Wednesday, September 26, 2012

Combined or separate finances for married couples?

I have been trying to figure out a system to manage the finances with my future spouse. My girlfriend is against the idea of separate finances while I feel that both systems have their pros and cons.

Combined finances could accelerate wealth accumulation given that both parties in the marriage have common financial goals. Also, combined financial power can contribute to a sense of solidarity, as you begin to think of spending as a unit. Saving together allows a couple to start working towards mutual goals, such as buying a house, going on an overseas trip or building passive income.

On the other hand, separate finances will be a fairer system if the couple have a huge income disparity or markedly different spending habits. Also, it may allow greater independence when it comes to spending and make personal gifts and dates more special.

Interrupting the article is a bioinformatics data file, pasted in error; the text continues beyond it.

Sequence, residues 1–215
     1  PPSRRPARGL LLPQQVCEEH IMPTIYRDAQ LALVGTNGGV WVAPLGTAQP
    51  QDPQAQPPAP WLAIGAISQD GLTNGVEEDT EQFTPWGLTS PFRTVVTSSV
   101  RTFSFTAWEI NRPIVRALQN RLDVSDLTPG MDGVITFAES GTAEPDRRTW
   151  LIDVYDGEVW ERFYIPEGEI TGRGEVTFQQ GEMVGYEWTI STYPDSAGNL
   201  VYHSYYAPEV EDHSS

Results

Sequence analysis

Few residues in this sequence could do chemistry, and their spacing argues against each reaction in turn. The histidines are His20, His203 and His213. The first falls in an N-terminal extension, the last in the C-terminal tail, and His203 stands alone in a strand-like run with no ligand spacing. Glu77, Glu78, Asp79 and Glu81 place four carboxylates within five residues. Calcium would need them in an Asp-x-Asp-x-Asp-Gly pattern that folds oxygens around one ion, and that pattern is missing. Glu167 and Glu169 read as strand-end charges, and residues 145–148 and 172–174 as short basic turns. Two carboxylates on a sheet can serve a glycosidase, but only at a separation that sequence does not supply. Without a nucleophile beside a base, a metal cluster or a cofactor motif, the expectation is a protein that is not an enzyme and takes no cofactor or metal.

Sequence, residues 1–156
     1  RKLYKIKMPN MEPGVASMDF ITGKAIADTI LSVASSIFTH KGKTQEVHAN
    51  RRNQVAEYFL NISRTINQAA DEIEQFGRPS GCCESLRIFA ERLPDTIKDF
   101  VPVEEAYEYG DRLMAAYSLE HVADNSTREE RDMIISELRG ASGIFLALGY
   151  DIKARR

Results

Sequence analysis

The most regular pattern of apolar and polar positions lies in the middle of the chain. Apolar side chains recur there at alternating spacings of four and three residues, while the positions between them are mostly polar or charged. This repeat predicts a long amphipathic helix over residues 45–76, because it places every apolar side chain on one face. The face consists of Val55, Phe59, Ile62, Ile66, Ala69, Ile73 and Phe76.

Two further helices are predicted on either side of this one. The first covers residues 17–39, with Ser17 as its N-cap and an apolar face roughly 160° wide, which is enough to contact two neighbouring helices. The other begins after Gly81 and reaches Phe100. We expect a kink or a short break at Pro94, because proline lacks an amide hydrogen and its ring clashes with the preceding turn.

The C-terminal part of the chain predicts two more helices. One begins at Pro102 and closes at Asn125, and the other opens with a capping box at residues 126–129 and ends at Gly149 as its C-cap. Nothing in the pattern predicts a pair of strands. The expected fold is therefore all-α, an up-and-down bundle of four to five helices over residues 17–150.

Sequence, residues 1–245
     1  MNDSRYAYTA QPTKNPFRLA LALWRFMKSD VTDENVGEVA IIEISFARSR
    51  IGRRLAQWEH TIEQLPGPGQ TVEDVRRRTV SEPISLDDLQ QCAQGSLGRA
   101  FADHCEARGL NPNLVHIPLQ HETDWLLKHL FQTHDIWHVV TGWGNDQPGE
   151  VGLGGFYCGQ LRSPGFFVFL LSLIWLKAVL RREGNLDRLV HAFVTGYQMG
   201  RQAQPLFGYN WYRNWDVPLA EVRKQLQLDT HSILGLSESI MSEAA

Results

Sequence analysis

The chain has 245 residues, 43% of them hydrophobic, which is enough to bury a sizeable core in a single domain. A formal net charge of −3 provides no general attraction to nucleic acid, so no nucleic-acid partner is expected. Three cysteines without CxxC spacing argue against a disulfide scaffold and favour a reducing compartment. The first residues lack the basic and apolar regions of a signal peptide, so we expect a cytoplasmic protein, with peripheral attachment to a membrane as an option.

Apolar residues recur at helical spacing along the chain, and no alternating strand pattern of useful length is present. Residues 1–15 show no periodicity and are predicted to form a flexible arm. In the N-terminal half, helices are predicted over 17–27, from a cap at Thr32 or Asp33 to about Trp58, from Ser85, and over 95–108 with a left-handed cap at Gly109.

What appeals to me most is a hybrid system that incorporates the benefits of both combined and separate finances. In this system, both spouses put their entire paycheck into the joint account, and then withdraw a fixed amount(allowance) into their personal accounts every month. Household expenses and bills will be deducted from the joint account.

Below is an illustration of the system assuming take-home pay to be $3,000 each:





















Both my wife and me will deposit our entire paychecks into a joint account. We will each withdraw $600 as our allowance. If there is any amount left at the end of the month, we will deposit into our personal accounts and this will form our individual personal savings. Parents' allowance, household bills, insurance, cash portion for mortgage payments and other miscellaneous expenses will be debited directly from the joint account. Also, an amount of $2,000 will be set aside every month as our opportunity fund. There will be a leftover of $1,000 in the joint account every month and this will be our combined savings/emergency fund.